Walker emphasized he did not want to rehash the arguments over the law and that Wisconsin would “comply with the law.” He said he looked forward to partnering with the federal government on the issue.

The governor has said since his campaign he opposes the law, although he set up an office that was supposed to look into how to implement it. Walker disbanded that office in January and returned $37.8 million in federal grant money for implementation.

He said he would wait until the Supreme Court decision to announce his plans, and when they upheld the law on a 5-4 vote, he said he would wait until the elections and see whether Republicans could repeal the law next year. With Obama’s reelection and Democrats controlling the Senate, the law will remain largely unchanged.

Friday was the original deadline for states to make a decision, but Obama announced late Thursday he would back up the deadline one month in response to requests from Republican governors, according to The Associated Press.

In a conference call with reporters, Rep. Jon Richards, D-Milwaukee, one of the most prominent Democrats on the issue, expressed his frustration with Walker’s decision. He said a state-based exchange would have allowed more local input, adding the work that was done under Walker’s predecessor was ignored.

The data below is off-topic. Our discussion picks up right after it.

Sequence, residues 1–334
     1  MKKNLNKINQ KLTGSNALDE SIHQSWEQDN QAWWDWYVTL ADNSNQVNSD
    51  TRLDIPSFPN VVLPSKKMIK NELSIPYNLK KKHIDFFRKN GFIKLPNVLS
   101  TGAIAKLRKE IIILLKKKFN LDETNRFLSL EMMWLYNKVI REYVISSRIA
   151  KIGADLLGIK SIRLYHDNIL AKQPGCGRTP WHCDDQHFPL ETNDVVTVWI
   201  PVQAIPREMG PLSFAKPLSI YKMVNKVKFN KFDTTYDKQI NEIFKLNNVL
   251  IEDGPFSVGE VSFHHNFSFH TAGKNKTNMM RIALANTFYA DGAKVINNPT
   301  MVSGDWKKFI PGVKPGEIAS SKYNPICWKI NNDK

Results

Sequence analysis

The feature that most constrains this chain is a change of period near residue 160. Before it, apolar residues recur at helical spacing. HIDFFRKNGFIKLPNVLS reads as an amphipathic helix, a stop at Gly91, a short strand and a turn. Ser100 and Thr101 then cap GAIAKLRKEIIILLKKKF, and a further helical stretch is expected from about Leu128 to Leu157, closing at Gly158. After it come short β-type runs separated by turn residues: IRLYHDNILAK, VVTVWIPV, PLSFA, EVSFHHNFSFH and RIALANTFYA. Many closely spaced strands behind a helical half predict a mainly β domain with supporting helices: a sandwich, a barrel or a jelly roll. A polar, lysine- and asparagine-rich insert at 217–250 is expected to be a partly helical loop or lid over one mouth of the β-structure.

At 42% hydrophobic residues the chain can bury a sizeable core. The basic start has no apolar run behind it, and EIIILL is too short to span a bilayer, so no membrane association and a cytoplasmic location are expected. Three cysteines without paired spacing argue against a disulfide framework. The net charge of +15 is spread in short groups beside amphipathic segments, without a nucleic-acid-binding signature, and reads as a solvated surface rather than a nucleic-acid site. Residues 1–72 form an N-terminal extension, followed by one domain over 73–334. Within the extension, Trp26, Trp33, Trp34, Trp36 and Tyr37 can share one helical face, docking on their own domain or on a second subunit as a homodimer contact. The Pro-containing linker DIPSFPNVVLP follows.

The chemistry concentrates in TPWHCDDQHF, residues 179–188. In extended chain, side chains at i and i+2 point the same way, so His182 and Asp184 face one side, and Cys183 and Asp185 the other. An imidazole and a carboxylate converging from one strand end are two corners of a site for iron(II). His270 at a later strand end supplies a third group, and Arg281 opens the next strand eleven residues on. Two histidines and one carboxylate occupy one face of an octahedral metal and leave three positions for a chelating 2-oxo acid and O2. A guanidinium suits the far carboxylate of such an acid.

Richards also said if Walker was truly concerned about funding, he would not have turned down the $37.8 million early innovator grant from the federal government.

“Gov. Walker turned back almost $40 million in federal money that we could’ve used to create [the exchange],” Richards said. “Now we’re left with everyone looking at the federal government, hoping they do the right thing but not being able to participate nearly as much as we would have if we had done the exchange here in Wisconsin.”

Richards noted the support from multiple organizations with varying interests around a state-based exchange. This included advocacy groups like ABC For Health and the Wisconsin Council on Children and Families, as well as provider and insurer groups such as the Wisconsin Hospital Association, the Wisconsin Medical Society and the Wisconsin Association of Health Plans.